No. It's not fun with Createspace.
I'm in the middle of publishing my first paperback, Radar Love. I'll tell you right up front, I don't like using Microsoft Word. That app has been dumbed down beyond belief. What was once a sturdy word processor now hides crippled features behind a picture menu. We're wordsmiths. This is not McDonald's.
Did you think formatting for the Kindle was enjoyable? I hope so. There are lots of fun gotchas, the same sort that you might face in formatting for epub or mobi. Except different. Suddenly all the things you used to loathe about desktop publishing come into play. And all the secondary things we love about books, too. Layout, typography, cover design.
But they're not so pleasant when you've submitted your layout file thirty times already.
Now, if you're really meticulous, you probably won't have the problems I had. There's a Word template, and you sort of transfer your book to it chapter by chapter, and get a nice layout.
Except I don't work like that. I had to paste the whole thing at once, make a bunch of changes to the margin settings, and then try and figure out what went wrong. Don't do that.
It can get sort of confusing if you past errant pages into a template like that. You will mostly work in a two page view, which is mirrored to reflect the way pages are arranged in a printed novel. Here's a hint. If the pages seem differently sized in Word, they probably are...
So, make sure all of the pages in the document are the same size. It sounds silly, I know.
And then the margins are funny things. There's a top and a bottom margin. Straightforward, right?
There's an inside and outside, too. But I think they're reversed from what you might think they mean? Probably not, but it feels that way sometimes, when you're tweaking multiple margins at once.
Then there's the gutter. I suspect it's named that because it's led many a desktop publisher to become alcoholics. It's the space closest to the spine of the book. The gutter and the inside margin work together. Against you. The thicker your book is, the wider your gutter and inside margin need to be, robbing you of valuable paper real estate.
Don't bother much with tweaking the look as far as what pages things fall on, or details like that. Every time you change a margin, the entire layout of the book shifts to reflect it. Get it approved on Createspace before you starting fancying it up.
I'm making this sound easier than it might be, for some.
When you upload it to the site, the fun really begins. There's a very nice virtual book that shows your text exactly as it will appear when printed. The paper is even sort of shaded, and turns very realistically.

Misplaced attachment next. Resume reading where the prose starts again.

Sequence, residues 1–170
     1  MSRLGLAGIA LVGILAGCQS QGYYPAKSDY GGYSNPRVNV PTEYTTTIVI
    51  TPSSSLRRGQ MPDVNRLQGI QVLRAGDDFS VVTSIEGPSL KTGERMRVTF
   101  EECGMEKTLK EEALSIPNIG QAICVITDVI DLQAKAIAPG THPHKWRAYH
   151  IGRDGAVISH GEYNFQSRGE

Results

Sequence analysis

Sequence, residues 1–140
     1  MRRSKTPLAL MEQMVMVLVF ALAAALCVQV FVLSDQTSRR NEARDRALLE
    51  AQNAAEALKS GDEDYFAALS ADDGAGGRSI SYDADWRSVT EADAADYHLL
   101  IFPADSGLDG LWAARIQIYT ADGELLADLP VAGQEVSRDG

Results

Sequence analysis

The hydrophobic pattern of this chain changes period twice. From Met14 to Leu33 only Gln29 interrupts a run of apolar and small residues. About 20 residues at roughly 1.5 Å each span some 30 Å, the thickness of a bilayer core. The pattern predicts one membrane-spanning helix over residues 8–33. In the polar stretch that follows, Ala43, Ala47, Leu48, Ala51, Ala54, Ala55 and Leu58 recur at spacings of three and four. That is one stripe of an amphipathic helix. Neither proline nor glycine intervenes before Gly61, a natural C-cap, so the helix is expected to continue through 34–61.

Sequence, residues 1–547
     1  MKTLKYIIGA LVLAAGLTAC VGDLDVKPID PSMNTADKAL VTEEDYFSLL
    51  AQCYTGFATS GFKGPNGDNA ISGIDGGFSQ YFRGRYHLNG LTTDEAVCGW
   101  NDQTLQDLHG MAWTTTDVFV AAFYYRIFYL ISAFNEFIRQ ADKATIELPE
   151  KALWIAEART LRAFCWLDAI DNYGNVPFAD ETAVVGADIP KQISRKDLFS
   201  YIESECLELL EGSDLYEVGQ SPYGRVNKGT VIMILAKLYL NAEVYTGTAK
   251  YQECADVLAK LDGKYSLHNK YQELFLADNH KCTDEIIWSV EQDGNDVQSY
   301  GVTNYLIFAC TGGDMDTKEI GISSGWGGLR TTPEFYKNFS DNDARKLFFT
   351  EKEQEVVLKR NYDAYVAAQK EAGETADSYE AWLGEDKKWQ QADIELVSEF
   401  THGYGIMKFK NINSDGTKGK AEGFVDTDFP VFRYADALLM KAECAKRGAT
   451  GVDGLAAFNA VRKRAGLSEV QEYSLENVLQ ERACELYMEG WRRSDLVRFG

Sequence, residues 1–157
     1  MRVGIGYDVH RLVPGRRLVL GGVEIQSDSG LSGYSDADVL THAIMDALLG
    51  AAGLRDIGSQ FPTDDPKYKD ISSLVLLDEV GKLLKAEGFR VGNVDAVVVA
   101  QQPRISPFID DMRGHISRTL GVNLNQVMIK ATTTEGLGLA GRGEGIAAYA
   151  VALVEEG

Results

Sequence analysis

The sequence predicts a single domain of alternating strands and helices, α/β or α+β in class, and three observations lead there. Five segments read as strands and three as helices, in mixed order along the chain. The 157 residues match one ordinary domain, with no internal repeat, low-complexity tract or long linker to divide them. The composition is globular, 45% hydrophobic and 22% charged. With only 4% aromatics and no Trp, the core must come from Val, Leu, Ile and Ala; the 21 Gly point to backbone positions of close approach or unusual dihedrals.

Hey, this is an Amazon site. Why aren't the Kindles more like this?
But the preview will show you the forbidden areas of doom. If a pixel (called a dot, I guess, when printed) extends into the boxed-in areas set aside by Createspace, your document is rejected.
This is when it's important to stay calm and work methodically. Tweak just one margin at a time until you maximize the space on each page. It can be done, but it can also be frustrating.
It's really worth it when you make it past their input filters and see your words there on the page.
Once you get the overall layout approved, you can go back and tweak things like removing chapter break symbols where they aren't needed to where they fall on a page. Or, turn those triple hash marks we all know and love into something a bit more suited to your work.
Much like a house of cards, or, well, almost any house, I guess, it's important to have a solid foundation in order to save a lot of work for yourself later on. The page numbers constantly change until you nail the layout., so you can't finish your table of contents before this step is completed. The cover layout is also determined by the number of pages in the book, so you don't want to get ahead of yourself there, either.
Here's a real pitfall: Createspace says you need certain margins. As long as your text doesn't exceed their margins, it doesn't really matter what the numbers are. So don't fall into a trap of "My margins are all at the recommended settings for my size book and it still gets rejected." That doesn't matter.
At one point, the acknowledgements page was the only one giving me an issue. One page. I deleted it...
Once you have the margins properly set so that your text remains in the safe areas, you can actually get away with your own custom settings. I guarantee you'll be excited when you finally get it mostly right. Then you'll want to play around with it. Mess it up. Fix it again.
So Createspace is a great example of how you have to know the rules before you can break them. But if you have a free weekend, why not turn one of those ebook-only novels of yours into something that can be put on a shelf, or wrapped in colorful paper?
All I know is that, despite the headache, I have a paperback that I wrote being shipped to my house. It's like an early Christmas.